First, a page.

The Busy Platoon Commander’s Reading List

Reading Time: 3 minutes

There are many reading lists available to the military professional and an increasing focus on Professional Military Education within Army. These reading lists are a treasure trove of suggestions from more senior leaders who have had time to gradually read widely over their career. A junior officer may well feel overwhelmed by the sheer volume of material though, and the feeling that they could never read enough – the Chief of Army’s Reading List is over 100 pages and contains countless works, albeit divided into categories. The Commanding Officer 1st Battalion, Royal Australian Regiment’s Reading List is one of few that is broken into recommendations for various rank bands and explains why each book is present.

You will be busy as a Platoon Commander, especially a new one. There will also be days where you do not feel like coming home and reading about your job. Here then, are just six books that I have found both helpful and entertaining to read. Getting through them over the first couple of years as an officer will not feel like hard work. Reading them in the order below is suggested and all can be found on Kindle.

1. Infantry Attacks by Erwin Rommel. Before he was the Desert Fox, Rommel was leading infantry platoons and companies in the First World War. His work is a cracking read full of tales of cunning, perseverance and the challenges faced by junior officers. Regardless of your corps, Rommel’s methods of defeating larger forces will emphasise the importance of inflicting the psychological state of defeat upon the enemy commander. This book is best read early, perhaps even during I Class at Royal Military College – Duntroon.

2. The Junior Officers’ Reading Club: Killing Time and Fighting Wars by Patrick Hennessey. Moving forward nearly a century from the First World War, Hennessy, a Grenadier Guards officer, describes life in training at the Royal Military Academy, Sandhurst, and on campaign in Iraq and Afghanistan. You will notice parallels between the challenges faced by Rommel and those faced by Hennessy in a different theatre and era.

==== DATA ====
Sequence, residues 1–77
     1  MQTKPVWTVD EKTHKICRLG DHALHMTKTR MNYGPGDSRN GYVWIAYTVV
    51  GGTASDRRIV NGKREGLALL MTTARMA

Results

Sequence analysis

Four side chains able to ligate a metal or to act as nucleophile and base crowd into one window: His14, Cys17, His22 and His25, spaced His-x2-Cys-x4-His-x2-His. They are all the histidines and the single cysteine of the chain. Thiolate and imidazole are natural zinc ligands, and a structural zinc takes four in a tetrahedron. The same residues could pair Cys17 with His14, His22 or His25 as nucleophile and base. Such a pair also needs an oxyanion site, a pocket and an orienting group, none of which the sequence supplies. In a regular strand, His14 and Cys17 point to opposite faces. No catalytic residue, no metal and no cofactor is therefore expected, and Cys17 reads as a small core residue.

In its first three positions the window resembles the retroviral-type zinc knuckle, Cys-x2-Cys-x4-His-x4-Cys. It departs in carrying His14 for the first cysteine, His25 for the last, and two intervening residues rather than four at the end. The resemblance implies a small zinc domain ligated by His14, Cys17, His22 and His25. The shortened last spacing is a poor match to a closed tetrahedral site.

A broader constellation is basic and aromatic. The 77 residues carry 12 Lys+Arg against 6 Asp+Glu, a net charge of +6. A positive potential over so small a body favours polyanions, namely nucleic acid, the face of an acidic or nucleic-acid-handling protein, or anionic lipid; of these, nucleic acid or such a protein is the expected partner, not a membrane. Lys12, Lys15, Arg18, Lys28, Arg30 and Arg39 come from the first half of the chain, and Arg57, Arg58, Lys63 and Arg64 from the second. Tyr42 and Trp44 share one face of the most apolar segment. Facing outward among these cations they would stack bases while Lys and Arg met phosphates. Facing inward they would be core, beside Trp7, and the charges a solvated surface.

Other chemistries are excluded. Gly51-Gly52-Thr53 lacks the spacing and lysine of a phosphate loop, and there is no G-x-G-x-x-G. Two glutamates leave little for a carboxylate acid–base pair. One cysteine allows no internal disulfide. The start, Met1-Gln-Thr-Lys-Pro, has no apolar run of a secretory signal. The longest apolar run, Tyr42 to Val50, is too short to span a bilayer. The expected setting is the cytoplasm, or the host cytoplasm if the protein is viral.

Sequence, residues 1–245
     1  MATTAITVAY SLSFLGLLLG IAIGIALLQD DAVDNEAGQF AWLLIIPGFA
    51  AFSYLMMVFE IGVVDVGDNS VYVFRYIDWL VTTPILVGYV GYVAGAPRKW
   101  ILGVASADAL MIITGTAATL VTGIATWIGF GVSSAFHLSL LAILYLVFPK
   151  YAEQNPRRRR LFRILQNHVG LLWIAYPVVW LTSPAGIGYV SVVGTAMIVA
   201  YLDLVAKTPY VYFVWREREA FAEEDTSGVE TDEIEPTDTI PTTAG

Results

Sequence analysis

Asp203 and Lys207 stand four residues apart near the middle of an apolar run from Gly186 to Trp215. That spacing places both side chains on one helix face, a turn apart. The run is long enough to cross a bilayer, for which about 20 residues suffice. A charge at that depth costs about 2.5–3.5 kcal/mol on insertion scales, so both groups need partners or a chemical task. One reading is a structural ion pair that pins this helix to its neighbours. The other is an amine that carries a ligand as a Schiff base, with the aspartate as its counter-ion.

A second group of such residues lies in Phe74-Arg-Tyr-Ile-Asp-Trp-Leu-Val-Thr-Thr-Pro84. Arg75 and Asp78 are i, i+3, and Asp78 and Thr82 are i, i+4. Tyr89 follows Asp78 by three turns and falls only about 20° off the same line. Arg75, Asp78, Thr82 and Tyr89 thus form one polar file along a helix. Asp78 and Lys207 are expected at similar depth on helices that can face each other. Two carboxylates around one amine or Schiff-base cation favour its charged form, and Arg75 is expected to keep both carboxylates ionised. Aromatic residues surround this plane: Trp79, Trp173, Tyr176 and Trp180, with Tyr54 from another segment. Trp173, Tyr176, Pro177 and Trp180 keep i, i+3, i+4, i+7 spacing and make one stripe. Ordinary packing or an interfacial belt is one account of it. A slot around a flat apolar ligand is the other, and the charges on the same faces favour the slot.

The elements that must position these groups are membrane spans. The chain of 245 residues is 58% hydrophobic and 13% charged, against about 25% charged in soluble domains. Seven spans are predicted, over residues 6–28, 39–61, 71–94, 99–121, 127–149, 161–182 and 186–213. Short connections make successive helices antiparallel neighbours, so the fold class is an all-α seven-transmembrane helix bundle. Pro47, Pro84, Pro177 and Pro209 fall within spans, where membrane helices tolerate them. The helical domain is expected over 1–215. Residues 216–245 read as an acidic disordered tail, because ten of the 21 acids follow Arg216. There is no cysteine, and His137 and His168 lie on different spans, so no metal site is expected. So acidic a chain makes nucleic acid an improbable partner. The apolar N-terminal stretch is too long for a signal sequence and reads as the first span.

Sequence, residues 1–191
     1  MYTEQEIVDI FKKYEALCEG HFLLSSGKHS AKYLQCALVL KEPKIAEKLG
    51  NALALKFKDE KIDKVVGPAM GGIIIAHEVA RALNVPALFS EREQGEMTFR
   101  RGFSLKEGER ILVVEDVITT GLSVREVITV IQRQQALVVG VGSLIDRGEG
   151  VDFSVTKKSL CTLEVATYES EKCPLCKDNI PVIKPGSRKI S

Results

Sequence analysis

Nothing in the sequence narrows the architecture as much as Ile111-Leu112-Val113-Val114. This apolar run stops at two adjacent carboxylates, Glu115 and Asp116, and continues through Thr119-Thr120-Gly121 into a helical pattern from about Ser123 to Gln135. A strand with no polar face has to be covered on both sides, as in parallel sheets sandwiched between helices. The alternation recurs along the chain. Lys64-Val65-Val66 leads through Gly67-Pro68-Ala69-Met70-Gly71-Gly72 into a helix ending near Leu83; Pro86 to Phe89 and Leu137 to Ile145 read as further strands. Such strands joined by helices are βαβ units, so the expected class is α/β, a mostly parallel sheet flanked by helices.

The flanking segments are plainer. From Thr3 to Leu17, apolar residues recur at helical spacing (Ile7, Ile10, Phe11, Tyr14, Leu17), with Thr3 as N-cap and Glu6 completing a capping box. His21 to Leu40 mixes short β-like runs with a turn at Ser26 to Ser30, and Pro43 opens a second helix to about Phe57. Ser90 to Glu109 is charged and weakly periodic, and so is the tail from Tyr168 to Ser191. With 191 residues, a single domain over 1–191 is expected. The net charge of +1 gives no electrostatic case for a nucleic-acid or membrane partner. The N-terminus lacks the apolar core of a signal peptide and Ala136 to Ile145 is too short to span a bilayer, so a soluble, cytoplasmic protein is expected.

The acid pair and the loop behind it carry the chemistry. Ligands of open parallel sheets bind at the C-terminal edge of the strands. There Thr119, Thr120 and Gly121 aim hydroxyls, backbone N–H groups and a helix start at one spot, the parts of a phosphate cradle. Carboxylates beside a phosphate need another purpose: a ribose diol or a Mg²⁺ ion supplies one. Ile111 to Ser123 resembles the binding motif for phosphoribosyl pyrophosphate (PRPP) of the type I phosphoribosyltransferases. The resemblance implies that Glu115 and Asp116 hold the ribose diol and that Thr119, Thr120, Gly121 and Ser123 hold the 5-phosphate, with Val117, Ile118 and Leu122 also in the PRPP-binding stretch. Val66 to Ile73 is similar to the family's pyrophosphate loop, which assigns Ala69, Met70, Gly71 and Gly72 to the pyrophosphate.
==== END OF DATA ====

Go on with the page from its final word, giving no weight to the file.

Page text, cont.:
3. How to Win Friends and Influence People by Dale Carnegie. Rank and orders will only get you so far. Carnegie based this book off a wildly popular course he taught in 1930s America. It is broken down into short chapters on each of his principles, and in reading them you will recall recent instances where you would have done well to apply those principles.

4. Starship Troopers by Robert A. Heinlein. You would not think it from watching the 1990s film adaptation, but Heinlein’s 1950s book is a thoughtful and controversial reflection on citizenship, military training and why we go to war. It also touches on futuristic themes such as the use of battlesuits in combat. Would you like to know more?

5. A History of Warfare by John Keegan. A renowned British historian, Keegan traces the development of warfare from tribesmen throwing javelins at each other to the Second World War. He draws a common thread between the earliest warriors and the modern soldier. Keegan has been criticised for romanticising the soldier and his motivations. However, when I interviewed my soldiers and asked them why they joined the Army I heard many of those idealistic motivations stated with sincerity.

6. The Human Face of War by Jim Storr. A highly readable companion to doctrine, the book explains not just what you should do, but why. Through ruthless application of logic and mathematics, Storr tends to put a number to something rather than simply saying that surprise, for example, is “good”. This book is deliberately last on this list. It will be best read after experiencing a major exercise, where you have seen “big Army” at work. In reading it, I was struck by how many of its themes and challenges were central to the discussions in a brigade headquarters on Exercise Hamel a few months earlier. You can find further details in my book review.

About the author

Chris Hall is an Australian Infantry Officer. His interests are military history, the psychology of battle and methods of overwhelming enemy decision cycles. He is studying a Bachelor of Business Administration through Southern Cross University.

4 thoughts on “The Busy Platoon Commander’s Reading List

  1. Chris – a good list. I would seriously recommend no 4 & no 5. They are great reads for different reasons. Hope you are well.

  2. A good starting point to encourage reading as part of professional learning. Could I recommend adding Black Hearts by Jim Frederick as a tragic account of the consequences of when leaders fail to command.

  3. Infantry attacks was a great read during 1st class, especially for the resilience and command influence.

    Same with the junior officers reading club.

    I’d especially recommend the junior officers of logistical corps read the above mentioned books. Resilience, strategic cunning and forward planning are indispensable for effective 1st and 2nd echelon support.

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